Jim McKelvey Launches New Financial Tech Accelerator SixThirty: 5 Questions For the Founder

By Christopher Reilly
In Culture

 

Jim McKelvey of SixThirty, a new financial services tech startup accelerator.

Jim McKelvey of SixThirty, a new financial services tech startup accelerator.

SixThirty, a financial services tech accelerator program headquartered in St. Louis, launched on Tuesday. The program will make four $100,000 investments each fall and spring in financial-based technology startup companies, for a total of eight investments per year. The selected companies will take part in the accelerator program for four months, during which they’ll receive hands-on training, mentoring and networking opportunities with local powerhouse financial services companies like Edward Jones, Scottrade, Stifel Financial, Wells Fargo Advisors and many more.

The first four companies selected start in October and will be housed in the T-REx startup co-working space in Downtown St. Louis. The founding members of SixThirty include Jim McKelvey, co-founder of Square, and general partner at Cultivation Capital; Hal Gentry, entrepreneur and general partner at Capital Innovators and Joe Reagan, president and CEO of the St. Louis Regional Chamber.

ALIVE had a chance to speak with Jim McKelvey about SixThirty, the local startup ecosystem and the game-changing announcement that will shake up everything.

What is the motivation behind SixThirty?

There’s a huge need. Nationally, all financial technology companies have a problem. With a normal tech startup, if you have a great idea, a great team and sufficient funds, you will succeed. In financial technology, those three things are not enough. You also need access to the ecosystem. That can be insurance, that can be capital, that can be money transfer licenses or banking licenses. If you have a great idea and it involves money, you need other things. And those other things are usually housed at the big companies.

How does SixThirty solve that problem?

What we do at SixThirty is hook those companies up with mentoring and money, but more importantly, we plug them into the ecosystem of financial institutions. If they need trading licenses on Wall Street or commodity licenses, we’ve got Scott Trade and Stifel. If they’re in the credit cards and payments business, we’ve got MasterCard. We have this ecosystem in St. Louis of very large, very successful financial service companies, and those companies are the real bonus. Without those relationships, a lot of these financial tech startups just won’t make it.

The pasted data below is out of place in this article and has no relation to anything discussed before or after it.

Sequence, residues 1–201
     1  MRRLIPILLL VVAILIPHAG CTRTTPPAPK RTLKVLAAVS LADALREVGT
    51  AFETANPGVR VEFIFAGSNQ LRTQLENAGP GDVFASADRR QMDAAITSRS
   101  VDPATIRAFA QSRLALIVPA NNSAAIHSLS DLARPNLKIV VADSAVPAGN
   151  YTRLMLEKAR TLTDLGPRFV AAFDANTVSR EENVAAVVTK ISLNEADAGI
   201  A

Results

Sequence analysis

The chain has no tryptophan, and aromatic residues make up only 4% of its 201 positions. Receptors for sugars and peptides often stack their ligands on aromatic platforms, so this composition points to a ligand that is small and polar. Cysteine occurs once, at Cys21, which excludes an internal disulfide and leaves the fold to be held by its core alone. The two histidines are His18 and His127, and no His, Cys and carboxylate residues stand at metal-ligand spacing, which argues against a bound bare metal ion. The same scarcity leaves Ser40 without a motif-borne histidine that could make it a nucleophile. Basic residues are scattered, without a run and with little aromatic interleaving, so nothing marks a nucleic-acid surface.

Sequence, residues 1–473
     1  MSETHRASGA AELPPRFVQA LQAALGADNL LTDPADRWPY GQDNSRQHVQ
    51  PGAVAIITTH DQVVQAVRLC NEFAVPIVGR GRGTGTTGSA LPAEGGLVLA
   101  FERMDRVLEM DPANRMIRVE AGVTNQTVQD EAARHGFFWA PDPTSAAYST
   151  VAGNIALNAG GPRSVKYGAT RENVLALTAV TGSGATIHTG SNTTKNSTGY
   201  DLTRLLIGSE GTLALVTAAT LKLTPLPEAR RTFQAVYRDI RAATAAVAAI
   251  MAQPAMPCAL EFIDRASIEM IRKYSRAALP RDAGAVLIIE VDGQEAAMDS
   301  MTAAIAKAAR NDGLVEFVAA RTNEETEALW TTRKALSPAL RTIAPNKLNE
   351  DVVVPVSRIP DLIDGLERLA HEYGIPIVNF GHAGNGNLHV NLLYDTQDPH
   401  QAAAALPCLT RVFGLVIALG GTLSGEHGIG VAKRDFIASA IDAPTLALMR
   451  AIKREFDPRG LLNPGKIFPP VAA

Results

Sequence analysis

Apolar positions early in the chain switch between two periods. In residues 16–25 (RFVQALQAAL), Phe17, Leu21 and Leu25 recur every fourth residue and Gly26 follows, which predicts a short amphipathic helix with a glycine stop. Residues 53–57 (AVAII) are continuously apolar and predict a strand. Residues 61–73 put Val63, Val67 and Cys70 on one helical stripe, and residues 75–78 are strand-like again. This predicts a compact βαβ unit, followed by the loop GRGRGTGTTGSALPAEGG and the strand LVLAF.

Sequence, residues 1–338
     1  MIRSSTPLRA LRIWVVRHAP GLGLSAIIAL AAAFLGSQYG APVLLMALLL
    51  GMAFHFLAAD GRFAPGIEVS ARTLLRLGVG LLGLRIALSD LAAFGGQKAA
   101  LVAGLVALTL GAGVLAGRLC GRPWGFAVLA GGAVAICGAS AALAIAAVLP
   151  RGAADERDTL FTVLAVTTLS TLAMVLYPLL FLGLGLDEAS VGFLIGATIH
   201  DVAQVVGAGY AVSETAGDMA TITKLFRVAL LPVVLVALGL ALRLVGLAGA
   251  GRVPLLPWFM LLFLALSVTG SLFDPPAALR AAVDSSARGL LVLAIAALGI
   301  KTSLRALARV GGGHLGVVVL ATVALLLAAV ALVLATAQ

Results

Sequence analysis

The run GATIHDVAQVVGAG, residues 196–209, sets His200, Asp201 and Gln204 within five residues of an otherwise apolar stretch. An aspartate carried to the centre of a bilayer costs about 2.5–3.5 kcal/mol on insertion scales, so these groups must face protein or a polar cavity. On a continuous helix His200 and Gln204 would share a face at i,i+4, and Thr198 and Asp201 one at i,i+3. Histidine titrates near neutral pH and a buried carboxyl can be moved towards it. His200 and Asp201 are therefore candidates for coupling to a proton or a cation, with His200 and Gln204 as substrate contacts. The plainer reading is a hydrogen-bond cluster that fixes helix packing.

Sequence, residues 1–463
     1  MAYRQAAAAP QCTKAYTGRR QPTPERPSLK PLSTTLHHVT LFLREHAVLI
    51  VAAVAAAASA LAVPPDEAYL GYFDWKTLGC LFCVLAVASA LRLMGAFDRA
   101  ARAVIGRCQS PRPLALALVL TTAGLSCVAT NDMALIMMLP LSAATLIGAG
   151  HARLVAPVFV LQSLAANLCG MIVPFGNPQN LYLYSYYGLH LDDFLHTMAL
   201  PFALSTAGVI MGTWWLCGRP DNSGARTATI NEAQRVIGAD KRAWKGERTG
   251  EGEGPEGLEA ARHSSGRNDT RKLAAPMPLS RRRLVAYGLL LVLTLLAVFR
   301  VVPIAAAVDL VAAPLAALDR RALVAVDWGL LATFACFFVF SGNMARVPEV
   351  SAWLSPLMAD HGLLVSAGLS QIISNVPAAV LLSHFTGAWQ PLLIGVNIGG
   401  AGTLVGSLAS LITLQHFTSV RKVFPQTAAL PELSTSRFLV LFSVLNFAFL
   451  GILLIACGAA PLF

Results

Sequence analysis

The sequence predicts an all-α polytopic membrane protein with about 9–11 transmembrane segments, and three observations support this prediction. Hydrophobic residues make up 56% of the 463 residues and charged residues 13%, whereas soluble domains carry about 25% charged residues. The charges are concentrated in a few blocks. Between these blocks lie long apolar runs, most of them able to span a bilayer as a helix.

Who can apply for the program?

Anybody. We’re taking applicants from all over the world. They have to come to the city for the program. We’re not tying them to the city after that, but they’d be stupid to leave.

Considering the people, the organizations and the financial level involved, how significant is SixThirty?

This is the best program in the world. If you count access, money and curriculum, nobody’s going to beat this. We looked around the U.S. and around the world and did not see anything that competes. But that’s how you want it. There is essentially a competition among cities for the best companies, so you want the best offering. Let’s say another city wants to copy this. The first thing they’d need to do is move 14 billion dollars worth of publicly traded companies to their home town.

What single thing could most benefit the St. Louis startup ecosystem?

Solve the engineering talent gap—I can’t tell you today what we’re going to do, but I will have an announcement in one week that will address that need in a game-changing way. I mean in a jaw-on-the-ground game-changing way. There is something afoot that will solve that in a way that nobody else is doing anywhere in the country. Once we solve the engineering gap, you will see the city blossom.

Applications for SixThirty’s inaugural class are available online and due by Friday, Aug. 30.

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